:confused:

Given that f(x) = x^2+px+q , determine the values of the constants p and q so that both

a) f(x) has a turning point when x=-3 and

b) the remainder when f(x) is divided by x+2 is 2.

Printable View

- Nov 5th 2005, 03:45 AMstormy_girlRemainder Theorem
:confused:

Given that f(x) = x^2+px+q , determine the values of the constants p and q so that both

a) f(x) has a turning point when x=-3 and

b) the remainder when f(x) is divided by x+2 is 2. - Nov 5th 2005, 07:59 PMticbolQuote:

Given that f(x) = x^2+px+q , determine the values of the constants p and q so that both

a) f(x) has a turning point when x=-3 and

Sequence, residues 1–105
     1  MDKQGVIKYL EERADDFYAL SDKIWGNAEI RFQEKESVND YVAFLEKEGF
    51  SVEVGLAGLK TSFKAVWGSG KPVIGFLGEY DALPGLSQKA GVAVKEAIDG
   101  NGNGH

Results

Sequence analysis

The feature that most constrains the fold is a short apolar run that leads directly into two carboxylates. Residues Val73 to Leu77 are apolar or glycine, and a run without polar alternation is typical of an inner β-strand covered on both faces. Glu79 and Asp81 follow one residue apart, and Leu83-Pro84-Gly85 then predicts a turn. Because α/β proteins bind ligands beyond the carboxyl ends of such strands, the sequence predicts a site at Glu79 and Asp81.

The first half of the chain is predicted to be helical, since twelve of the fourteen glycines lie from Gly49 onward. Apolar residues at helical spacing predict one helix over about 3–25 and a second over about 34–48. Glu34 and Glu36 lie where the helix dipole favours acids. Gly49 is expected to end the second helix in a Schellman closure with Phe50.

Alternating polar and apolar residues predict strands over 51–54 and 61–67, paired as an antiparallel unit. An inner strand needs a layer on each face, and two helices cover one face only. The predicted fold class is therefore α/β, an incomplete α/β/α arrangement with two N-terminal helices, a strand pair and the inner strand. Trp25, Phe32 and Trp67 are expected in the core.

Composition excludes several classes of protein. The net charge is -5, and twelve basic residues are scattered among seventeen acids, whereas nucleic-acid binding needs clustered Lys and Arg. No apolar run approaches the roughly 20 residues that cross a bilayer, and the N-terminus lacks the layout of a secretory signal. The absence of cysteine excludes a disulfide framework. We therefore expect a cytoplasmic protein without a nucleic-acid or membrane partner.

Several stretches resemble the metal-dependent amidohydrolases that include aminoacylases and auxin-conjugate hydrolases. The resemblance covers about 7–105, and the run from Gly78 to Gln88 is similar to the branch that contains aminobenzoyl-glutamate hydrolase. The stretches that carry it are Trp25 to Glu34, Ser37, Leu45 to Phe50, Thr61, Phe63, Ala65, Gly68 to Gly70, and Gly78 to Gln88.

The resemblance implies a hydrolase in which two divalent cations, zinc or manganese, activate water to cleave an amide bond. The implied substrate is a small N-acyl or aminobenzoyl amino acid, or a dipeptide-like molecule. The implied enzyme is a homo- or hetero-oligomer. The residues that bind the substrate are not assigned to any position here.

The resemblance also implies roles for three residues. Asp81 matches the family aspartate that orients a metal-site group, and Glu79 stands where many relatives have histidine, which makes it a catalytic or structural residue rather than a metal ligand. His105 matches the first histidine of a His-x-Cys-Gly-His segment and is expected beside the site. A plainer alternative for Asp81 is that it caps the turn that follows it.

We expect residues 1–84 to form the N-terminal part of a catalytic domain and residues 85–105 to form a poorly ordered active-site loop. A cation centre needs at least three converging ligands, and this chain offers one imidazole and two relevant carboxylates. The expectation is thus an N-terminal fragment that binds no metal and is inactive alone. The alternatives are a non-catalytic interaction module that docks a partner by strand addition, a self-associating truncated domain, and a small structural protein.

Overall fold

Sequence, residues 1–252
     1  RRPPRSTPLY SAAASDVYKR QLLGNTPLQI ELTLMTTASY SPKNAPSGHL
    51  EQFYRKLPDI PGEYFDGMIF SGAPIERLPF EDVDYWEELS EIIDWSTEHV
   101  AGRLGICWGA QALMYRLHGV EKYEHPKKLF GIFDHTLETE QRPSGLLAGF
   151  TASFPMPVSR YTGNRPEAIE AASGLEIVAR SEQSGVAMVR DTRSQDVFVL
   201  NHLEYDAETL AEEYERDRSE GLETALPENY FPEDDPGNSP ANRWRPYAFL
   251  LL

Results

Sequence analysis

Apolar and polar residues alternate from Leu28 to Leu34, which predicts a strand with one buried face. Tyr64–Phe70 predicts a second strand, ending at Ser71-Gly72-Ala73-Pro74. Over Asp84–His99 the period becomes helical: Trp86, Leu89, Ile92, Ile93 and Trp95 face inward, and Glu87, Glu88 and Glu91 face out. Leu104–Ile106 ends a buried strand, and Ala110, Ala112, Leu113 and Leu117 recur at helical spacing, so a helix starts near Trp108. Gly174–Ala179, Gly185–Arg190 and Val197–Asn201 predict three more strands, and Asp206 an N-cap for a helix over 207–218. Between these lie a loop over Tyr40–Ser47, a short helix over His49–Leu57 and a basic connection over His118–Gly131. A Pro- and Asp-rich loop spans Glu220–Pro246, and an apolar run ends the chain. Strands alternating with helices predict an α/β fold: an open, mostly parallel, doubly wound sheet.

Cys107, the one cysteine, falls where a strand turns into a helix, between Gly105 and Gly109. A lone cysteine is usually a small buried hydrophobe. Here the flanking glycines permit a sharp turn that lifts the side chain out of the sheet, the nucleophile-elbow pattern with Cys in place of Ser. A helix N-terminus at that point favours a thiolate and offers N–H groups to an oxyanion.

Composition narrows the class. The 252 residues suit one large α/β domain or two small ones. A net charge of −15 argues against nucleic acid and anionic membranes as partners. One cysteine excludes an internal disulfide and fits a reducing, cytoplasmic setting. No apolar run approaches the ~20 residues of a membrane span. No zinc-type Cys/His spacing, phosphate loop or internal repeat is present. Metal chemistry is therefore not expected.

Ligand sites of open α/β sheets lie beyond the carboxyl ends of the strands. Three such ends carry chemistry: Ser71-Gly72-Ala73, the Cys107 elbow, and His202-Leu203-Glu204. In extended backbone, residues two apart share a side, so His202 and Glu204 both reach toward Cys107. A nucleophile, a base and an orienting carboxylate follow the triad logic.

b) the remainder when f(x) is divided by x+2 is 2.

Turning point?

I assume that is a maximum or minimum point on the curve of f(x), so we equate f'(x) to zero:

f(x) = x^2 +px +q -----------(i)

f'(x) = 2x +p

Set f'(x) to zero, and x to -3,

0 = 2(-3) +p

p = 6 ---------***

So, for now,

f(x) = x^2 +6x +q --------(ii)

" b) the remainder when f(x) is divided by x+2 is 2. "

I cannot show the long division here. But (x^2 +6x +q) / (x+2) is

x+4, remainder (q-8).

So,

q-8 = 2

q = 2+8 = 10 ------***

Therefore, f(x) = x^2 +6x +10 -----------answer. - Nov 5th 2005, 11:57 PMrgepQuote:

Originally Posted by**ticbol**